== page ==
- It does boost one’s ego a little – however there’s only room in the top 100 for 100 people, of the hundreds (thousands?) of bloggers who are putting energy into climbing the list only a few will get there.
- The REAL benefit of Favorites isn’t the list – the real benefit of using Favorites is that it can put your blog in front of Technorati users when they hit Technorati’s front page. My arguement isn’t against the favorites feature – I think it’s well worth promoting – my argument is to shift your attention away from the list and use favorites smartly (finding people who genuinely like your blog and who will be reminded by Favorites to read it).
My other hope from the post was to get some sort of guidance from Technorati on the issue. My concern is that many great bloggers are swapping favorites and my worry is that if they do come down on the practice that those who innocently do it because everyone else is will be penalized. Unfortunately we’re still yet to hear anything from Technorati on this.
The main people behind favorites swapping are good people. I read their blogs daily and I respect their opinion.
Most of them talk about this as an experiment and seem to have genuine motives for doing it. I’m all for experimentation and will follow the results with interest – however these things have a way of blowing up and becoming more important than they really are.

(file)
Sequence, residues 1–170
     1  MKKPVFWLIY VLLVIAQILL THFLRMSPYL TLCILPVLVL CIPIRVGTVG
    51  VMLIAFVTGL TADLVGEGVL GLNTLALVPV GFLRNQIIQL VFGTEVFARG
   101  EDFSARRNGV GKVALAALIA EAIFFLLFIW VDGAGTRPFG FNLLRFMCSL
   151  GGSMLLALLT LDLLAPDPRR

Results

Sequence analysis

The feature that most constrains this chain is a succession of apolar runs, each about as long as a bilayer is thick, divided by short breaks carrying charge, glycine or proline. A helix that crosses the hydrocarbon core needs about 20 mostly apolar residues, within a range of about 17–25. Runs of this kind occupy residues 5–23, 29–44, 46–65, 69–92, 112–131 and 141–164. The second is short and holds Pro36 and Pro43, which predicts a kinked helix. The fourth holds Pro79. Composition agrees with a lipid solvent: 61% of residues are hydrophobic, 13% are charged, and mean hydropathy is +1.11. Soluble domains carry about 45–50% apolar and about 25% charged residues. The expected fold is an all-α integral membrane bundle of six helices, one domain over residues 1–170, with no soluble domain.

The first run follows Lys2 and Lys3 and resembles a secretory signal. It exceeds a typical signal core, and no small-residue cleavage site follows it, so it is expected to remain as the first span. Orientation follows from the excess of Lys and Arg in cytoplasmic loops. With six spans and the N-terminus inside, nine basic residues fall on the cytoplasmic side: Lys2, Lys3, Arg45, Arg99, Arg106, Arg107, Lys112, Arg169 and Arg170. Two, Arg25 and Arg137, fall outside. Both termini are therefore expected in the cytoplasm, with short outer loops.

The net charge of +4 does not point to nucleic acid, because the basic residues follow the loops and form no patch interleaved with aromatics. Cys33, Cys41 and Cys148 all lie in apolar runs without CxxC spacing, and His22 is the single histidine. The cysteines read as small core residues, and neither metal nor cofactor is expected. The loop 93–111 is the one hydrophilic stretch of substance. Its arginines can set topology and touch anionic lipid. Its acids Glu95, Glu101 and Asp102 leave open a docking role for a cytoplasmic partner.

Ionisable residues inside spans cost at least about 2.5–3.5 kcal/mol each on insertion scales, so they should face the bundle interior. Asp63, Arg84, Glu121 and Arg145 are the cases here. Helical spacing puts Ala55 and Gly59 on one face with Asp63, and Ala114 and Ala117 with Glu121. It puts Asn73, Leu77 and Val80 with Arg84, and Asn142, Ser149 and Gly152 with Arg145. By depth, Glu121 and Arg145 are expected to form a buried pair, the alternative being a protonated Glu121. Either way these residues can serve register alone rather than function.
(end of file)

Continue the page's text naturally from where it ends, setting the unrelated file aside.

My hope was simply to bring a little perspective to the topic and encourage bloggers to keep some balance.
Ultimately a blogger makes their own decision on how to build their blog and if they want to swap favorites as part of that strategy then knock yourself out – go for it.
But do so having thought it through, knowing what the benefits and costs of it will be and with my encouragement to keep yourself focussed upon the other important parts of your blog.
If you’re interested in reading the other side of these arguments then I’d encourage you to start with Maki’s post on the topic which at times gets a little deeper than I ever thought possible on such an issue but which is his opinion on why this experiment is a worthwhile thing to get involved with.
Others posts about it include (warning, some get a little heated):
- My Real Favorite Blogs
- Technorati Favorites Exchange Experiment: Whores, Prom, and Pig’s Blood
- Responding to Technorati Faves Criticism
- Ruffled Feathers on the Top 100
- What I accidentally learnt about Programming
- Favourites Exchange, my Thoughts!
- Problogger Agrees – Technorati Gaming is Bad
- The Technorati 100 Not So Hot?
- The Technorati top 100 superficial list
- Technorati Favorites and The Cheaters Who are Cheating the System
- The Sad State of Technorati’s Top Favorited Blogs
Once again – I’m not wanting this to become heated or personal. I do respect a blogger’s right to choose to promote their blog as they wish and hope that people will take this post in the spirit that it was intended in. I also hope that people will not be ostracized for taking either side of the debate. There are some amazing blogs out there that have swapped favorites and some great ones who don’t – hopefully we can keep the conversation constructive and informative.